“That’s how we will maintain our economic vitality and our national treasure — our forests and waterways, our crop lands and snow-capped peaks. That is how we will preserve our planet, commanded to our care by God. That’s what will lend meaning to the creed our fathers once declared.”
President Obama didn’t stop there, though. He came back to the important point that, if we don’t grow our clean energy industries, we will lose many of the natural wonders of our country and our world, as well as the basics of life. Tapping into his own religion’s teachings, and those of most people, he also points out that Christianity’s teachings include taking care of the Earth.
Those are my comments on Obama’s second inaugural speech. Here are some more from a couple of top clean energy organizations:
Clean Energy Organizations Chime In
From Rhone Resch, president and CEO of the Solar Energy Industries Association (SEIA):
“We praise the President for emphasizing that a transition to sustainable energy sources is vital – and that the U.S. must lead it. Solar is the fastest-growing and most affordable, accessible, and reliable clean energy technology available today. It’s not only powering our nation, it’s an engine of economic growth. The number of U.S. solar jobs has jumped 13.2 percent in the last year alone, and doubled over the last three years.
“In the last four years, the amount of solar powering U.S. homes, businesses, and military bases has grown by more than 500 percent – from 1,100 megawatts to more than 6,400 megawatts today. Over the next four years, solar will grow to be the largest new source or energy, and employ more than a quarter million Americans.”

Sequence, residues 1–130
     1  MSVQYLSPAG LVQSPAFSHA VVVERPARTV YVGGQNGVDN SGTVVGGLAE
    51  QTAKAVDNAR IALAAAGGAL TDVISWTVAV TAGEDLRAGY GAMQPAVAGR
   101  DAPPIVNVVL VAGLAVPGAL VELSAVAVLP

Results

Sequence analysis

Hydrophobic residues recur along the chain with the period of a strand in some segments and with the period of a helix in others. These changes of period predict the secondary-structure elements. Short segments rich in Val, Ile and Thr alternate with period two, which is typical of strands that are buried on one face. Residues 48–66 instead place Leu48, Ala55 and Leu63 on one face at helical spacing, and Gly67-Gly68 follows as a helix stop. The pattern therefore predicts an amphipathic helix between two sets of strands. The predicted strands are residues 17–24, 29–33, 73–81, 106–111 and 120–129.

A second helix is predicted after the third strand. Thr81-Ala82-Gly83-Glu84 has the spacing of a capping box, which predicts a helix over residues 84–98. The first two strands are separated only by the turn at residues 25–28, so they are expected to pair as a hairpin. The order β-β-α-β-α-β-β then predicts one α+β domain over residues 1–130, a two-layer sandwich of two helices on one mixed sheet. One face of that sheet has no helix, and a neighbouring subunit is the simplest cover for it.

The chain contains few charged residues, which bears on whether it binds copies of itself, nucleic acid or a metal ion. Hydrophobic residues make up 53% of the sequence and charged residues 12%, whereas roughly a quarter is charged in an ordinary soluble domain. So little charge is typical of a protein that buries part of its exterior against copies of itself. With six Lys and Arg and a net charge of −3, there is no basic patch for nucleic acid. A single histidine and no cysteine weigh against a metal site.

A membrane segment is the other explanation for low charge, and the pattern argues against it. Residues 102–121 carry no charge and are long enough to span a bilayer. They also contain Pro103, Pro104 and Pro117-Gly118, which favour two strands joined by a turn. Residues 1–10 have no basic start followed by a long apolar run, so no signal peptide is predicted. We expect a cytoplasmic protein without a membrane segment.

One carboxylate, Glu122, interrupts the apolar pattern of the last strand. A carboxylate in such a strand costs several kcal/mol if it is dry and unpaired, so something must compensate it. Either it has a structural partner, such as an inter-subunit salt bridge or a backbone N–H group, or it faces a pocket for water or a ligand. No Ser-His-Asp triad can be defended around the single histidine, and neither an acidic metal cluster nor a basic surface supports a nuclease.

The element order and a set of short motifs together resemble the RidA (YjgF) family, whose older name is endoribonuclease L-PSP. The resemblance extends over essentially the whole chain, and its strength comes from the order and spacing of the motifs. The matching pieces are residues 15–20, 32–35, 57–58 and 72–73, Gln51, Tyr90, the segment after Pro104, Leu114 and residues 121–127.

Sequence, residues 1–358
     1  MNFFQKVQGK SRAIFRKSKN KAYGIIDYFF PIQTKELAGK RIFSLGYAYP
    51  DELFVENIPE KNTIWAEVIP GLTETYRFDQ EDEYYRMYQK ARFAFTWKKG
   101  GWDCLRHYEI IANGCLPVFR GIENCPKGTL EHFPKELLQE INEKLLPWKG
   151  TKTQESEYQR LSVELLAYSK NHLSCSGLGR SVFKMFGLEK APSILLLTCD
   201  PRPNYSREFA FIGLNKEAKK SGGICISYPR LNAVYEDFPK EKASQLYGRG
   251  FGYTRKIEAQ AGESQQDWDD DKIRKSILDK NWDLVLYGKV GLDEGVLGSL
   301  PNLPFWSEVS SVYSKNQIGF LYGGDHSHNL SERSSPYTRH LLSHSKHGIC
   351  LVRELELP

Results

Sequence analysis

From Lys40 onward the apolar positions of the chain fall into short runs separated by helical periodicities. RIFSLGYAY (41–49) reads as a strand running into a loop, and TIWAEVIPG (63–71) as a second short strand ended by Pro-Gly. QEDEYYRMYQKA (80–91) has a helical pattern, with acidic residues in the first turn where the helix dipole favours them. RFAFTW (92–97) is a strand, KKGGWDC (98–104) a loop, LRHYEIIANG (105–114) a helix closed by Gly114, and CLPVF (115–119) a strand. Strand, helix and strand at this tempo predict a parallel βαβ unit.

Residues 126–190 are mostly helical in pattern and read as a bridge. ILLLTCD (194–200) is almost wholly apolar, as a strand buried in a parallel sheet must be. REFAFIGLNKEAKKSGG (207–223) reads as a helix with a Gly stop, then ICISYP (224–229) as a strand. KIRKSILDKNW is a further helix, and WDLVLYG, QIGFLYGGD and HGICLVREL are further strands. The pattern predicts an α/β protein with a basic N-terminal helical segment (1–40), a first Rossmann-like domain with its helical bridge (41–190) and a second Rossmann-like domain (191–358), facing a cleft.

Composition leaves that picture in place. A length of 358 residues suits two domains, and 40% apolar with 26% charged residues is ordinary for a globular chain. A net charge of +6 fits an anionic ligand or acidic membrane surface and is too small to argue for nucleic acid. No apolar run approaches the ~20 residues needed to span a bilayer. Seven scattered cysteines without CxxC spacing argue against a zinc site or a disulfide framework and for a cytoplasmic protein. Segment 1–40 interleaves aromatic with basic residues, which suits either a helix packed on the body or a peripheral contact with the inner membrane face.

From BlueGreen Alliance Executive Director David Foster:
“We congratulate President Obama for elevating the urgency to take immediate steps on climate change and underscoring the connection between solving this increasingly serious environmental problem and our economic future.
“We can address this problem with a broad bipartisan, national strategy that solves climate change and creates millions of jobs. This strategy must include the EPA’s continued efforts to regulate greenhouse gas emissions, must address the nation’s serious infrastructure deficit – something that was demonstrated during the aftermath of Hurricane Sandy – and must emphasize economic fairness for all.
“As President Obama said today, we must respond to the threat of climate change and protect the planet for our children and for future generations. We must do that in a way that creates good jobs for the American people. Now, let’s get to work.”